Is There A Wrong Way To Be A Feminist Witch Or Pagan?

Is There A Wrong Way To Be A Feminist Witch Or Pagan? May 8, 2019

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In a world where women face discrimination, sexism, and misogyny we frequently find ourselves faced with day to day dilemmas on how to best respond to women’s issues within our collective spaces.

What is appropriate? What is not? Can one thing which empowers one person disenfranchise another and if so, how do we best handle that?

First of all, let’s boil this down to its barest essence: feminism is the empowerment of women, fighting back against discrimination, sexism, and misogyny, and the dismantling of the toxic patriarchy that negatively impacts everyone regardless of gender identity. If what you’re doing is being true to yourself without negatively impacting other people’s rights, you’re probably good to go.

Let’s have some examples so it’s clear what I mean:

  • Yes, you can still like traditionally “feminine” things. It’s totally like to like pink, honor and worship mostly if not entirely goddesses, wear makeup in circle, or pray and/or do magic for both love and sex to be in your life. You can even honor love and fertility goddesses. Go wild! Do you!
  • Yes, you can still enjoy and celebrate motherhood. Not everyone wants to be moms, but it doesn’t mean that making that choice for yourself isn’t empowering either. For some, it’s deeply meaningful to them and enables them to see a part of their lives as being sacred and connected with their spirituality. It doesn’t mean everyone has to be moms in order to be empowered women, but it also doesn’t mean moms can’t be empowered women either.
  • Yes, you can still attend circles that honor your vulva or get down to being all about your sacred womb. That’s totally fine to have your own space for that if you find that sort of thing empowering. Not everyone does or will, or has these things and yet is still a woman but it doesn’t make it wrong to do in your own space and time either. I attend geek women spaces but that doesn’t mean all women have to be geeks. We can all have these things in our own circles.

So, what did all of these examples have in common? Here’s a good list:

  • They were about something that was important to a particular individual’s sense of what is meaningful to them without judgment on either side.
  • They weren’t exclusionary in the sense that they claimed to be “all of femininity” or what defines being female for all women.
  • They were about being true to yourself versus letting others define you, while at the same time not trying to define others either.

Feminism is about being yourself in addition to having basic human rights. It shouldn’t be just about surviving, but also about thriving. There’s no wrong way to be a woman or to honor your spirituality as a woman. But how do we handle being in traditions that have roots in misogyny, sexism, homophobia, and transphobia? I don’t feel like there’s any single bullet point that would solve this problem beyond making sure that you are super clear on the following:

  • If you’re a white woman, you need to fight for other women who aren’t white as they have less privileges and societal advantages than you do. And feminism without them isn’t feminism at all, it’s white supremacy and supporting the patriarchy. Those two go hand in hand. This means being mindful of cultural appropriation and taking the time to listen to the concerns of women of color, especially black women and Natives.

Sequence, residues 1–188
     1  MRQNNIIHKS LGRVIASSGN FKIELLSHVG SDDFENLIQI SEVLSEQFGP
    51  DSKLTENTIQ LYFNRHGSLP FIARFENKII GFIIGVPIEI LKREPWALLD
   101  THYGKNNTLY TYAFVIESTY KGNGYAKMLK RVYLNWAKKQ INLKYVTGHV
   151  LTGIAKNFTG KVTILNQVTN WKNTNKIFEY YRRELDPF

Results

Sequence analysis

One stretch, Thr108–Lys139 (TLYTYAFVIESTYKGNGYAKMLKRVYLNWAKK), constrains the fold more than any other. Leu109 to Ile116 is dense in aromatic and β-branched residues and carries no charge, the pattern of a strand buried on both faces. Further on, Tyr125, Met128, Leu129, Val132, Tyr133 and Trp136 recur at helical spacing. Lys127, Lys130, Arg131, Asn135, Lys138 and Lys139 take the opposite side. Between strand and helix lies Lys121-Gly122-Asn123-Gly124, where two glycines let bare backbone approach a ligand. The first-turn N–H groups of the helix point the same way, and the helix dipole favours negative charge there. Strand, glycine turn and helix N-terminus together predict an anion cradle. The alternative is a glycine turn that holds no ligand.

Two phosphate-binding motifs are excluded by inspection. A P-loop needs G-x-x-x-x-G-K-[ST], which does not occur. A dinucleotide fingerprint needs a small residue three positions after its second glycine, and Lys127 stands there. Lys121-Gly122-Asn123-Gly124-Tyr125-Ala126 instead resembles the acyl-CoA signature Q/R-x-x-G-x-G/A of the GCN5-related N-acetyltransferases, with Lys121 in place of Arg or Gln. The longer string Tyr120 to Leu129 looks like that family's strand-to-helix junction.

• If you’re a cis woman, you need to fight for other women who are intersex, trans, have medical issues, or otherwise face discrimination due to the continued policing of the patriarchy of our bodies. An excellent example of this point and the one above is the cis gendered female black athlete facing discrimination because her body produces more testosterone than the average woman. This is why transmisogyny and misogynoir are just simply examples of more misogyny. And it hurts us all.
  • If you’re a man and you want to help out women, listen to their concerns and when you hear and see other men being less than helpful, point it out to them. They may not listen to us but they’ll be a lot more likely to listen to you.
  • If you come from a tradition that has dubious and sketchy roots in sexism, racism, etc. versus sweeping it under the rug, acknowledge and teach that history but also teach what you’re doing better. How are you moving on from those beginnings? What’s wrong about them and why is it obviously so bad? What are you taking from it and what are you changing in order to bring it into the twenty-first century?
  • It’s okay to rethink things and forms such as the Maiden-Mother-Crone model and not define women based on their fertility status. What is empowering for you may not be empowering for others. There have been plenty of women who have been hurt by this idea and wondered if they were any less magical or spiritual due to having a womb or a uterus, not having their period, having any sort of medical condition which interferes with their fertility status. So while having these things for you may be great, please be thoughtful and kind to those for whom it impacts. We can do both and be inclusive without hurting others.

In short, the only bad feminist is the one who denies other women their rights and personal autonomy based on things such as their anatomy, race, nationality, sexual orientation, and/or disability. And in allowing others into our circle and not rigidly restricting women (or anyone!) based on patriarchal notions of gender, we can fight for everyone while celebrating our own uniqueness.

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